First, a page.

British queen to address historic wounds on Ireland visit
Queen Elizabeth II was to visit the site of a British massacre and make a keynote speech at Dublin Castle on Wednesday, addressing old wounds on her groundbreaking state visit to the Irish Republic.
The British sovereign was due to visit Croke Park stadium, the spiritual home of Gaelic sports, where 14 people were killed in a bloody reprisal attack in 1920.
She was also to make her only major speech of the four-day trip at a state banquet held in the former seat of British power on the Emerald Isle. The tone and content is likely to set the barometer for the state of Anglo-Irish relations.
While noting the vast improvement since peace was established in British-ruled Northern Ireland, the 85-year-old is expected to tackle the tensions that have meant no British monarch set foot here in a century before her watershed visit began Tuesday.
British Foreign Secretary William Hague said that while the trip was aimed at turning a new leaf, the hosts should not expect to hear apologies for Britain's colonial rule.
"We're not glossing over the past here," Hague told reporters at Dublin Castle.
"It is about recognising those events of the past, acknowledging those events but also showing how we can move on to the future.
"That is the right way to treat it rather than to think of it in terms of apologies."
In reality, the British monarch is not a political figure and Prime Minister David Cameron has already said sorry on behalf of the government for the Bloody Sunday killings in Londonderry in 1972.
However, the queen will visit the Croke Park, scene of the Bloody Sunday of 1920 -- a gesture that would have been unthinkable for most of her reign.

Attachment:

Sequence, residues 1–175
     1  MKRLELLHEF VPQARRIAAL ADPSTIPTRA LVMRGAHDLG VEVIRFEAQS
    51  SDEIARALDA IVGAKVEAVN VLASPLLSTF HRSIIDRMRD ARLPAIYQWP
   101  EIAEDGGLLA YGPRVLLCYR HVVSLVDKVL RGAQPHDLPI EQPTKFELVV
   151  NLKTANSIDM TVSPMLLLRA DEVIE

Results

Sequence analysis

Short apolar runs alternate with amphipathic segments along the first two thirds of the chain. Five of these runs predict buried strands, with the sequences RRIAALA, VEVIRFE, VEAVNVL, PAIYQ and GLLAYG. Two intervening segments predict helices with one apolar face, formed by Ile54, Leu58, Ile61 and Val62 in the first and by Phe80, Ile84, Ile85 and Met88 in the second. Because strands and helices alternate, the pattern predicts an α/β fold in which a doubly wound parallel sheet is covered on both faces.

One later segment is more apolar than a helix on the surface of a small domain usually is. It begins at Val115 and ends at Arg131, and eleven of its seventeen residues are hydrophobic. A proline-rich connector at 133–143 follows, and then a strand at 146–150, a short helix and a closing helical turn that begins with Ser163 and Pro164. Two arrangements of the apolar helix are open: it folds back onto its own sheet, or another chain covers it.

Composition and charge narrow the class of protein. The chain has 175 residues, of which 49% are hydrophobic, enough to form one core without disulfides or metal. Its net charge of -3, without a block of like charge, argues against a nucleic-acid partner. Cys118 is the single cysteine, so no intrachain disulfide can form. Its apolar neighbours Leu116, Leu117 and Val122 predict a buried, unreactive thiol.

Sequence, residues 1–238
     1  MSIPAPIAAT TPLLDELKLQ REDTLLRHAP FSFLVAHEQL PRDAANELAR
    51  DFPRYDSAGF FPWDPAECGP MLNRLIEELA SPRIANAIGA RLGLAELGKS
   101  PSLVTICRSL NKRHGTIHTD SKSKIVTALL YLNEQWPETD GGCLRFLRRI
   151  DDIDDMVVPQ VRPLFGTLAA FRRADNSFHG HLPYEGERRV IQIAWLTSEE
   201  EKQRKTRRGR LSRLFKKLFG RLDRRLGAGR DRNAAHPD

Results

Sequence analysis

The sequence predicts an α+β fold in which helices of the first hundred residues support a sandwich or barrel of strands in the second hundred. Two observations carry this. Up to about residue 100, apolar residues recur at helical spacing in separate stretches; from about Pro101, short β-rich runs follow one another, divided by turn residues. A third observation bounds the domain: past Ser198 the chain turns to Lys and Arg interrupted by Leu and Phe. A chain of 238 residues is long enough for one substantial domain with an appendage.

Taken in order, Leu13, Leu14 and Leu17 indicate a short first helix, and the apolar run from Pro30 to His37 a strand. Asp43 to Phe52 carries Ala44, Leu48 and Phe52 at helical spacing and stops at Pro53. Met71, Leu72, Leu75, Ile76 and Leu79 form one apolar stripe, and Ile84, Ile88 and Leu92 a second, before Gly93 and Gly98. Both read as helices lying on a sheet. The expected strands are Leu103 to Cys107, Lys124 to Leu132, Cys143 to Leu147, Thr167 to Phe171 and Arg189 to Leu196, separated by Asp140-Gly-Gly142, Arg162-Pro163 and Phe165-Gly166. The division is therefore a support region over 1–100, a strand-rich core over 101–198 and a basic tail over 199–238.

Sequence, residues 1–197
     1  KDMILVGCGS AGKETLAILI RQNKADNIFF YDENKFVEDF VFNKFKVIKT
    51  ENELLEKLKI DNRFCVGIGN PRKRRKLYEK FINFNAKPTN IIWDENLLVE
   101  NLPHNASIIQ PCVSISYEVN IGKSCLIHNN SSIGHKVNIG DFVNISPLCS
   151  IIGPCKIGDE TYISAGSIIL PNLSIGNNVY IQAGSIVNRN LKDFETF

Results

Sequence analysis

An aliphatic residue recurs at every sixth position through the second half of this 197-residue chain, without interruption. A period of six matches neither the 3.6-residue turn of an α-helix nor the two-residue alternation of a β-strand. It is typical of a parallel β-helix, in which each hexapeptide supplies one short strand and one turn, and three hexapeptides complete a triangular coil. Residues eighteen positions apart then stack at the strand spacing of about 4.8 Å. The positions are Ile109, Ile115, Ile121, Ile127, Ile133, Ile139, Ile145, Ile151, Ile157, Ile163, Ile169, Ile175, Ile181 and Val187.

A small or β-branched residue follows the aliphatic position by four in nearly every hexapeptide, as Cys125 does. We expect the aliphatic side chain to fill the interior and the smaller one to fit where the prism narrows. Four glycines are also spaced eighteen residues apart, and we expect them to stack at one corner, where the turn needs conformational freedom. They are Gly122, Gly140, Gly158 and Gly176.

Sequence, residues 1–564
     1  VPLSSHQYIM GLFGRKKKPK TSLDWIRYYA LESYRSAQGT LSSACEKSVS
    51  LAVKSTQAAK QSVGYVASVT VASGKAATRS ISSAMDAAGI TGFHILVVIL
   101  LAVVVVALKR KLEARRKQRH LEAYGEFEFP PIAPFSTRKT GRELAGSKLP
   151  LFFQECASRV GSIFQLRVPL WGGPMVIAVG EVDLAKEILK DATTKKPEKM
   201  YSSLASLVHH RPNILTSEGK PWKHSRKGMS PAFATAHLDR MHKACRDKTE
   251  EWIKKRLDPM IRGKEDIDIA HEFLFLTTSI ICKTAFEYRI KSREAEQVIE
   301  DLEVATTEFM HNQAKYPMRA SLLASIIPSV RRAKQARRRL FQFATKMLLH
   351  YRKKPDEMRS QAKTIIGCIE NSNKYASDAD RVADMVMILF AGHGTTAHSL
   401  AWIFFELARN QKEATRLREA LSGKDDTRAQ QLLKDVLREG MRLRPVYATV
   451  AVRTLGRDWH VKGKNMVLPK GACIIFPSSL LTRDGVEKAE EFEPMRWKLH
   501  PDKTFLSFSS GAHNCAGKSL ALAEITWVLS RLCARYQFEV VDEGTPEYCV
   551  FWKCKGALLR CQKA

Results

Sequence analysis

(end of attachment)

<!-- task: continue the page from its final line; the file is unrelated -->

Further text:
Wednesday's itinerary begins on a lighter note with a trip to the Guinness brewery.
One of Ireland's top tourist destinations, the site takes visitors through the brewing process behind one of the world-famous cultural symbols of Ireland -- a pint of the black stuff.
All cameras will be waiting for the monarch to raise a pint of stout.
The royal couple then visit Government Buildings, which houses Prime Minister Enda Kenny's offices and the Department of Finance. She will meet Kenny and Foreign Affairs Minister Eamon Gilmore.
The most sensitive parts of the day begins with a visit to the Irish National War Memorial Garden, which is dedicated to the 49,400 Irish soldiers killed in World War I.
Many feel Ireland's war dead from the 1914-1918 conflict have too often been forgotten due to unease over them serving in British uniform while Ireland's independence struggle raged.
The queen and her husband Prince Philip then head to Croke Park, considered by many as a central symbol of Irish republicanism and independence from British rule.
Gilmore told AFP that the British monarch walking out on the pitch would be a "hugely symbolic" moment.
The visit to the 82,300-capacity venue, which will be closed to the public, was "part of the making of a statement about the past", he said, but would also acknowledge the key role that Gaelic games play in Irish life.
Kenny and Cameron were to hold talks before the state dinner. The banquet is the diplomatic high point of the trip.
Former Irish president Mary Robinson said there would be "significant disappointment" if the queen's speech sidestepped tough issues.
"I don't think it's appropriate for an apology but I think she could convey an understanding of the hurts that have been there and the difficult relationship," she told Britain's ITV television.
The first visit by a British monarch since independence in 1922 has required the biggest security operation in the Irish state's history.
Tuesday's first day saw Queen Elizabeth lay a wreath in honour of those who died fighting for Irish freedom from Britain in a landmark gesture. The monarch bowed her head in respect at the Garden of Remembrance and "God Save the Queen" was played in a historic moment.
But there were rowdy scenes outside where several hundred republican protesters, kept streets away, chanted and torched a British flag. Twenty-one people were arrested.
Later at Trinity College, the queen was applauded by students and staff as she visited the university, stopping to chat to well-wishers.
The 10,000-strong security force policing the visit was taking no chances amid an upsurge in violence by republican paramilitaries who oppose the Northern Ireland peace process.
A viable pipe bomb was defused outside Dublin amid a string of security alerts and a lockdown exclusion zone in in the city centre.
© 2011 AFP